Her asset position given her age & income is excellent, this tells the lender that she is able to spend less than she earns on an ongoing basis and has a buffer in the event of a something going wrong.
Her employment is stable, ongoing and in a professional career. From a bank’s point of view her income is very reliable and is likely to increase over time as her career progresses.
Although I didn’t view Emma’s credit file, it sounds like she has no defaults, judgements or history of bankruptcy and she has not applied for excessive unsecured debt such as credit cards and personal loans. These days the number & type of loans you have applied for recently are a big factor in your credit score.
Emma’s only major unsecured debt is a HELP (HECs) debt which is much higher than most property owners of her age. From a lending point of view a HELP debt is not considered to be a big problem as it is an investment in someone’s education, not money that is spent frivolously.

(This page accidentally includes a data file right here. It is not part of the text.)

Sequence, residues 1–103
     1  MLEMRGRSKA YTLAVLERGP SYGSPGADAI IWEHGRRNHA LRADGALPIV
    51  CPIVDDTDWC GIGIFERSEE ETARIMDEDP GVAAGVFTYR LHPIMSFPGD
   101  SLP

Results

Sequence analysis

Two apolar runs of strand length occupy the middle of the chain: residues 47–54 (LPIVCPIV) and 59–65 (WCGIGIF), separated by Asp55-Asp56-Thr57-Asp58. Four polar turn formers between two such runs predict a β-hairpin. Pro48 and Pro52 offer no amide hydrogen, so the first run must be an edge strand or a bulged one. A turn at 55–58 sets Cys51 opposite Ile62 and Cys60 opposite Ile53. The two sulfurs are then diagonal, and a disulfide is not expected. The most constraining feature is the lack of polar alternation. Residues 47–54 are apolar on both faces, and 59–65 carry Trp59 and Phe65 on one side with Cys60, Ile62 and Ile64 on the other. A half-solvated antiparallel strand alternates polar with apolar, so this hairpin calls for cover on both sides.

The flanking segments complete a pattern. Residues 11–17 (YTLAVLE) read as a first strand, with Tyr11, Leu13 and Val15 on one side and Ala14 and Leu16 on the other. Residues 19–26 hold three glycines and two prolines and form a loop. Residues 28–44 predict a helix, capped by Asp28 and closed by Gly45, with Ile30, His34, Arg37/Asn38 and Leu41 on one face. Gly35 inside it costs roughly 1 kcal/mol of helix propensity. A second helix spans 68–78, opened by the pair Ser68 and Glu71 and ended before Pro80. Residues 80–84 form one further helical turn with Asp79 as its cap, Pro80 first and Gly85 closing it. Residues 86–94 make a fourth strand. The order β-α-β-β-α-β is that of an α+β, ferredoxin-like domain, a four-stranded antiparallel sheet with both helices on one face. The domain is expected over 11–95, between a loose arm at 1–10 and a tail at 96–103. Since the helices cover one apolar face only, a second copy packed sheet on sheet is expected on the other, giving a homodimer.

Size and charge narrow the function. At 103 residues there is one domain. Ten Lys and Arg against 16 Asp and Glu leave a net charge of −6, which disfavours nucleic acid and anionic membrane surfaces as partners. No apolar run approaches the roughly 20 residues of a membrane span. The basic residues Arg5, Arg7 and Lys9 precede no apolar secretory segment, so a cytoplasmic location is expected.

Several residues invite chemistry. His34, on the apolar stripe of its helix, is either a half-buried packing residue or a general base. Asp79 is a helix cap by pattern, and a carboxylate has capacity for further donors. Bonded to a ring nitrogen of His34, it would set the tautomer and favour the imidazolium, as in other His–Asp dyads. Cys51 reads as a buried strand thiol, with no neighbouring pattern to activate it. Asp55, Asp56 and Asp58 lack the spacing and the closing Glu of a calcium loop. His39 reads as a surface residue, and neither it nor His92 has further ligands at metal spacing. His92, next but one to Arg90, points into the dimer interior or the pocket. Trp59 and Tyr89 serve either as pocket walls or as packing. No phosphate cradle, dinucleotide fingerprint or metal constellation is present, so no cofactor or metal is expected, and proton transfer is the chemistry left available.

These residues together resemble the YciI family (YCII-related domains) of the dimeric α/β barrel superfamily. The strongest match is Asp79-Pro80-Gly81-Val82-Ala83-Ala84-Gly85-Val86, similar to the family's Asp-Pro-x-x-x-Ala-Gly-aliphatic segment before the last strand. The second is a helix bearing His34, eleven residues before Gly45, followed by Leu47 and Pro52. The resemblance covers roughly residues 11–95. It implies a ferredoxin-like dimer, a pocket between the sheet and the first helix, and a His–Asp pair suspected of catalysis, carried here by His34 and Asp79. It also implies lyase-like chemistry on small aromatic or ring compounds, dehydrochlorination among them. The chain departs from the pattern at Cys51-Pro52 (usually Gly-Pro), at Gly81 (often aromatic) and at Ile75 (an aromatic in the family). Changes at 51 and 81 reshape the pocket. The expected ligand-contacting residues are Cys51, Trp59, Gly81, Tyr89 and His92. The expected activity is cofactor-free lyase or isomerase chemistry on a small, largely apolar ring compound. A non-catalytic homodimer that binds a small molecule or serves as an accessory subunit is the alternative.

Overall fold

However the HELP debt greatly reduces Emma’s net income which in turn reduces her borrowing capacity by around $60,000. Some lenders have credit scoring systems that look at your net asset position after deducting any HELP debts, whereas others do not. So in some cases this can result in a low credit score with some lenders.
Part of Emma’s income is paid as bonuses, which are not always taken into account by the banks when assessing your ability to repay a loan. This is because bonus income is often irregular. Some banks can still accept it, depending on how frequently it is received and how long Emma has been receiving it for.